Looking over at that amazing child of yours, thinking of slipping the straps of a backpack far too big for their still tiny shoulders as you send them off to kindergarten for the first time, armed with the perfectly packed lunch and all the love in your heart; what a milestone!

Well, Mama. I can help you prepare for this amazing adventure.

In a FREE email course, I walk you through

the 5 MOST IMPORTANT steps to preparing your child for kindergarten.

The 11 Best Crayola Products for Back to School and at Home Play!

Here is a list of the products I most regularly use in my home, daycare and on the go with my family. This is not a full list as it would go on and on, from the giant box of crayons and classroom box of markers I buy to the papers I use that hold up to the earliest of finger painters, or the modeling clay that builds those important muscles in the hands and arms.

But I have shared those products that I think you could most use at home to allow you watch your little one playing, learning, dreaming, and creating, while you join in play or while letting you have a cup of coffee, or pick away at something else for a little mom time.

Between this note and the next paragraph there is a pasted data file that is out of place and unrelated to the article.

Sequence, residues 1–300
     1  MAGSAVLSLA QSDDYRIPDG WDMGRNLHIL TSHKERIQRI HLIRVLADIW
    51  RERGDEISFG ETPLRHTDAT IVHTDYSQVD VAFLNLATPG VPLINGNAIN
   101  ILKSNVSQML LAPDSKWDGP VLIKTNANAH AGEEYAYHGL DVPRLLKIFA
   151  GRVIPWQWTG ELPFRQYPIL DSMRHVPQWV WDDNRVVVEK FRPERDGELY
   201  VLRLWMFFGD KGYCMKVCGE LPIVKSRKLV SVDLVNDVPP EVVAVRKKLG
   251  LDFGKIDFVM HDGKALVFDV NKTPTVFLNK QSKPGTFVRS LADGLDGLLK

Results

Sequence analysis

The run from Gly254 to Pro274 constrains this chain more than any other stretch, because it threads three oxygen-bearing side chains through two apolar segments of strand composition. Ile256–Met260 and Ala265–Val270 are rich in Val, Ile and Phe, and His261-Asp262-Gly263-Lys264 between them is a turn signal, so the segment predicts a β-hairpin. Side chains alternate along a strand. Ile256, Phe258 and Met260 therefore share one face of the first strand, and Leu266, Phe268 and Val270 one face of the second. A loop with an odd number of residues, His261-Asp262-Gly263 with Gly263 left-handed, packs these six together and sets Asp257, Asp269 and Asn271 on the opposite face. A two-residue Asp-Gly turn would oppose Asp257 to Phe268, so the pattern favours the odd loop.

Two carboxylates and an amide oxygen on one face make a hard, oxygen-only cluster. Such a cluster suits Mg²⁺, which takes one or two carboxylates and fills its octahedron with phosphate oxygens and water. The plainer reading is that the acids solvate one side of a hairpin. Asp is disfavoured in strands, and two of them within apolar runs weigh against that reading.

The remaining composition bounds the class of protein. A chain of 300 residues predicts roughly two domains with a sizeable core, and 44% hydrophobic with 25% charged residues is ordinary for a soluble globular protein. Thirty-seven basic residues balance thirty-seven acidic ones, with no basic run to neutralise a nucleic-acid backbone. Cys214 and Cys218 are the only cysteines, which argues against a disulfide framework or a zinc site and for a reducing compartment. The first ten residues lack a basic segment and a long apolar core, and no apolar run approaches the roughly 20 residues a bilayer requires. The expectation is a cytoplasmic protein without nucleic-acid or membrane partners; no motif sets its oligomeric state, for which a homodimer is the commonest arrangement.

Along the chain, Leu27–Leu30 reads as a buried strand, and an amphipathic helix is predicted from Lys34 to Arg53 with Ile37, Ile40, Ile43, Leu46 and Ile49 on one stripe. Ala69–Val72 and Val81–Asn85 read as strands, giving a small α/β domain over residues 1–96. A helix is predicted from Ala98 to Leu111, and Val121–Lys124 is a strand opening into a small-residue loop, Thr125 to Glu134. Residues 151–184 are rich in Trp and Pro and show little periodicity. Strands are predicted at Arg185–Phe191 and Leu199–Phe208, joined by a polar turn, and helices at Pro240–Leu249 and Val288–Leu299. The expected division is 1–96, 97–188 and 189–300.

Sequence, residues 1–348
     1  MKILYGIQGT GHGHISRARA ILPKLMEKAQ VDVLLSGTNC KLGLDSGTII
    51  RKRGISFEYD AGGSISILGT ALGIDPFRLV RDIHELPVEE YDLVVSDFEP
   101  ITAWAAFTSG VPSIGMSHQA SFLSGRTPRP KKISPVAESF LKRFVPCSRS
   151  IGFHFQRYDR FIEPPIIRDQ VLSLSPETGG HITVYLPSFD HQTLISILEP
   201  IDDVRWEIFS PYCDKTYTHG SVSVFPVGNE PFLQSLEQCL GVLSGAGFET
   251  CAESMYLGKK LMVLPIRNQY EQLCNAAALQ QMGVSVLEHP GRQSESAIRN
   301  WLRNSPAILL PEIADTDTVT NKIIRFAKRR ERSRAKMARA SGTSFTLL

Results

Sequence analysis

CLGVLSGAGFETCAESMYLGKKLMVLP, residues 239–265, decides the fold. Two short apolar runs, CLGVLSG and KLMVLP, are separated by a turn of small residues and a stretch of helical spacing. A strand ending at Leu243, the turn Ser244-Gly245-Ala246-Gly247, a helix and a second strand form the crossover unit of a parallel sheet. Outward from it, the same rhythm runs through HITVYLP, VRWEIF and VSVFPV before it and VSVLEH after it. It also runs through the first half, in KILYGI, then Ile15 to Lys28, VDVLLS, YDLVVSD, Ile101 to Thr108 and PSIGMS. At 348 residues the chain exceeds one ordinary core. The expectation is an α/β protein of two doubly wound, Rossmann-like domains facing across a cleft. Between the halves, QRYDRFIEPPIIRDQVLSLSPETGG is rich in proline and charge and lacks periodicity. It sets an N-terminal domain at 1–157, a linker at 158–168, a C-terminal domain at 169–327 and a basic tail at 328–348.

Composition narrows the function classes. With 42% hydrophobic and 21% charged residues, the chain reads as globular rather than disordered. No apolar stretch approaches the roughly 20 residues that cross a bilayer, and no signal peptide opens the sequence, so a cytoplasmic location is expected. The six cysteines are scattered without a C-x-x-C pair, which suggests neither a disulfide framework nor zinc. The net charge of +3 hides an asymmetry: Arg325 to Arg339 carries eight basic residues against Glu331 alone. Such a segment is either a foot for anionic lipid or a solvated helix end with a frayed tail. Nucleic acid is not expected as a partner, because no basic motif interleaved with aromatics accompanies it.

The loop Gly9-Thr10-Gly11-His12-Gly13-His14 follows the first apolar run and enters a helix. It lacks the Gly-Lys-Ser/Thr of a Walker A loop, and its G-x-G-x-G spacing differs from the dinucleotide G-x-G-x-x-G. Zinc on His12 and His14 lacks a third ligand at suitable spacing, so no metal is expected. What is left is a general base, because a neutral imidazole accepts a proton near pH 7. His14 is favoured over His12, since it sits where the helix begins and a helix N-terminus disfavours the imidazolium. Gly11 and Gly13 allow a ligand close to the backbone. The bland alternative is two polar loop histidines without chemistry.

Wait until you see what Crayola has created to make life as a mom with little ones at home that much easier. I share my favorite products from a teacher’s perspective as well as a busy mom! #teacher #organize #resources #classroom #home #daughter #son #girl #boy #learning #backtoschool #ideas #preschool #toddler #schoolaged #kindergarten #teachers #moms #products #children #student #athome #giftideas #holiday #gift #crafts #traditions #easy #activities #best
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My Favorite Crayola Products for Back to School

1. Window writers – I’ve talked about these before in a post about the ways you can keep your little one entertained at home, and do they deliver! Little Bee and her daycare friends have loved turning our front window into a masterpiece, which wipes away super easily. I don’t know if it’s the idea of writing on something you never thought you were allowed to write on before, the way it looks on the window, or the fact that everyone that walks by sees it, but this has become a very requested activity at my house. It works great on a mirror as well!

2. Twist Crayons –Okay, so take that image of crayon awesomeness and jack it up a notch. These are one of my favorite things that Crayola makes. The crayon twists up so it’s always in perfect coloring readiness, but acts like a pen or pencil, which is perfection for early writers looking to develop those fine motor skills.

3. Side Walk Chalk –  This item could be a list within itself as Crayola makes countless types of chalk play. I have yet to meet a child who isn’t lost in the idea of writing on the driveway, or sidewalk in early spring, of creating chalk paint, or creating a blackboard inside. We use chalk in so many ways but Crayola makes it pretty easy with all the types that they offer. Small, wide, multi colors, chalk paint, the list goes on. So cool.